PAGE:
In an earlier post, we shared the context and intended purpose of the Tanzania Sectoral Dashboards; in this post, we dive into the technology behind the data visualizations.
Seeking to put the Principles for Digital Development into practice, we built the Tanzania Dashboards using open source tools and frameworks, which reduces the total cost of ownership. The dashboards pull data dynamically from the Tanzania Open Data portal APIs, and uses a powerful combination of Angular, ReactJs, CSS, and HTML for the user interface. For mapping, they use Leaflet and Open Street Maps. The resultant source code (Water, Education and Health) is also open for download and further extension.
Figure 1: Key libraries and technology used to build the dashboards.
The technology stack was chosen based on needs and functionality. In the case of education, since there was already an application in place that what we had to enhance, the whole development was done in AngularJS; for the other two dashboards we had greater flexibility to choose the stack.
From a user experience perspective, we had determined to include both georeferenced visualizations (maps) and charts as part of the dashboard. In maps, clusters are a useful way to show data points, especially in maps with high datapoint density — the Water Dashboard’s waterpoints are a strong example of this. After some research, we found Prune Cluster, useful because it (i) permits a category to be specified for the markers, after which (ii) a small object representing the number of markers for each category is attached to the clusters. In this way, you can create cluster icons adapted to their content — in our case, it helped us to show water point status for a group of the points at-a-glance.
Figure 2: Waterpoint Map with Prune Clusters.
When developing charts, our goal was to create powerful tools for data analysis — we also needed to use a specific library, based on the government’s requirements. For these reasons, we selected the Highcharts library. Both the charts and maps have been optimized for low-bandwidth environments.
Figure 3: Tanzania Health Dashboard charts.
The dashboards are built on open data released by the Government of Tanzania, and read the raw data published on the Tanzanian Government Open Data Portal (ODP). The data are displayed on the map at the most disaggregated level possible — some datasets from ODP only contain data that is aggregated at the region, district, or ward level.
Data sources for each dashboard are as follows:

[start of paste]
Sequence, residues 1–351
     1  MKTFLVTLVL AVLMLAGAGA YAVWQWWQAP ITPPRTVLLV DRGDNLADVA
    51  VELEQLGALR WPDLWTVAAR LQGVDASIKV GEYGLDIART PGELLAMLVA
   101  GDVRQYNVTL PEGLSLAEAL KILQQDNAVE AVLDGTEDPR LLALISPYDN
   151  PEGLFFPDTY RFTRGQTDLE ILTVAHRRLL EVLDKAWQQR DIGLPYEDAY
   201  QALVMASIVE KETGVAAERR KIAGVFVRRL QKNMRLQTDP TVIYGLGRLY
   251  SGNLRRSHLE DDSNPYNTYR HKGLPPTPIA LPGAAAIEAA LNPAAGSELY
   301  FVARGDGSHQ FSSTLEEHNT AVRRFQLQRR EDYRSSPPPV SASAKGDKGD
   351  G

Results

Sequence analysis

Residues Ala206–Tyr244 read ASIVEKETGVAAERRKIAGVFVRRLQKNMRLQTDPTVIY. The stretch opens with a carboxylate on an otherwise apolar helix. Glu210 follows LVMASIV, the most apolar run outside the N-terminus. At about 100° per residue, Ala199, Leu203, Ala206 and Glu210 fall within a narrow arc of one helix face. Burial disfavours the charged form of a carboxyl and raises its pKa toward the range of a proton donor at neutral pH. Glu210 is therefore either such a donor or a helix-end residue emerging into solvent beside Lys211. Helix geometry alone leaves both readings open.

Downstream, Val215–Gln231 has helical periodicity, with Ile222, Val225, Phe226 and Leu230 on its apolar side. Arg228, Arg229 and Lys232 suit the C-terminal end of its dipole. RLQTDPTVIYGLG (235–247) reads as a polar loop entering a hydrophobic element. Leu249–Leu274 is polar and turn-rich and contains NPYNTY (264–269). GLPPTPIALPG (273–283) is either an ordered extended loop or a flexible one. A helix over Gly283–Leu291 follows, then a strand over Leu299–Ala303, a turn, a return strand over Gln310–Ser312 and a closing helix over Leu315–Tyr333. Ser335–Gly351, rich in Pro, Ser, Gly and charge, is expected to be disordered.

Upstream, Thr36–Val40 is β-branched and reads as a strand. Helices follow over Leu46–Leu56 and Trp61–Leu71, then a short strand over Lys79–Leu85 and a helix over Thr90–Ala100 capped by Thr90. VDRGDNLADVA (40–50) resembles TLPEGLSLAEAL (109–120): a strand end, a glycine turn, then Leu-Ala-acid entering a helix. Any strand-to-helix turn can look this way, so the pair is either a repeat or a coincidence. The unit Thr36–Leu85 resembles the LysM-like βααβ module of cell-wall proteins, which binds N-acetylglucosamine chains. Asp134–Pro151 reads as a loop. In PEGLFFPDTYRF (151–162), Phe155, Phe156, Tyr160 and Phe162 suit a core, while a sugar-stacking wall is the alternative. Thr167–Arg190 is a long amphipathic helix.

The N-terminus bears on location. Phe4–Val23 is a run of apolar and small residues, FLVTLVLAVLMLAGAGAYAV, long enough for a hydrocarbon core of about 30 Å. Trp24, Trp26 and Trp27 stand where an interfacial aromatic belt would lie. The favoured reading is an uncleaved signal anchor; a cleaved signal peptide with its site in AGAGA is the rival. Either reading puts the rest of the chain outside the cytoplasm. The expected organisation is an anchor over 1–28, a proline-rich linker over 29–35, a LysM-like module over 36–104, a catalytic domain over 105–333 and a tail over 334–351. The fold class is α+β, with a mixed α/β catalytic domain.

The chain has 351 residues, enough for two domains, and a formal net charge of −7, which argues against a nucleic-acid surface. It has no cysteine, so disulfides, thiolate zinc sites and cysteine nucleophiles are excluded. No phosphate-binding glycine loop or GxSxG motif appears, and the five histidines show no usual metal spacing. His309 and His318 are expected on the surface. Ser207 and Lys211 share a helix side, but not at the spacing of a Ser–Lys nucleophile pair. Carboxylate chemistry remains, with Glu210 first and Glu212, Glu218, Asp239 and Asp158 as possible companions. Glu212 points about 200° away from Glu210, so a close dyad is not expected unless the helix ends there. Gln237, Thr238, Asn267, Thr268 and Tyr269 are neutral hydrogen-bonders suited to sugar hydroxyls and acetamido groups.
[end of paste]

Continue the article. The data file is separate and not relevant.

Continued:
- Education Dashboard: Open Data Portal, Ministry of Education and Vocational Training, National Examination Council of Tanzania, National Bureau of Statistics
- Health Dashboard: Open Data Portal (as published by the Ministry of Health, Community Development, Gender, Elderly and Children), National Bureau of Statistics
- Water dashboard: Open Data Portal (as published by the Ministry of Water and Irrigation), National Bureau of Statistics
In some cases, the dashboards use data that has been cleaned or merged with other data to create new datasets — but even in these cases, the data itself draws exclusively from open data released by the Government of Tanzania. All data is available for download in machine-readable format, with a license that encourages re-use.
However, it is important to note that the dashboards are as good as the raw data sources which drive them. Consequently, an important consideration for all the dashboards should be the provision of timely and complete data by the sector ministries. We are hopeful that planned trainings and sensitizations carried so far will increase the uptake. Naturally, timely updates and relevance to the latest approved datasets will stimulate demand through increased interest and use by end users.
In summary, we hope these dashboards help government and the public quickly sift through the government’s open data, and make it easier to understand, analyze, and use this information. But technology is just the first step in a data-driven decision-making chain: it is now for individuals to use their judgement and leadership instincts to act upon this information to progress toward national goals. We look forward to championing the Government of Tanzania’s successes, and working with our partners DataVision International and the World Bank again in future.
As we review our strategy, we plan to share here much of what we’ve learned through programming in more than a dozen countries – from our work and from our excellent partners – about the state of data in agriculture, tobacco control, open contracting, and the extractive industries. For each theme, we’ll explore who are the key data users, the decisions they make, the most important data gaps, and the crucial risks of data (mis)use. Here we share previews from some of our flagship programs.
With support from DCDJ, local youth in Côte d’Ivoire organized a successful mapathon to get community resources, landmarks, and risk zones in Daloa – particularly those relevant to young people – on the map. Through the process, they acquired new skills including OSM tracker to develop map layers, how to collect local data, and how to communicate results stored in a new database developed through the program.
As governments look to “build back better,” we can expect an influx of government spending to stimulate the economy, and a shift in priority goods and services to purchase. While the world transitions from emergency response to recovery, governments’ focus will shift from using technology to procure other products, to procuring technology products themselves.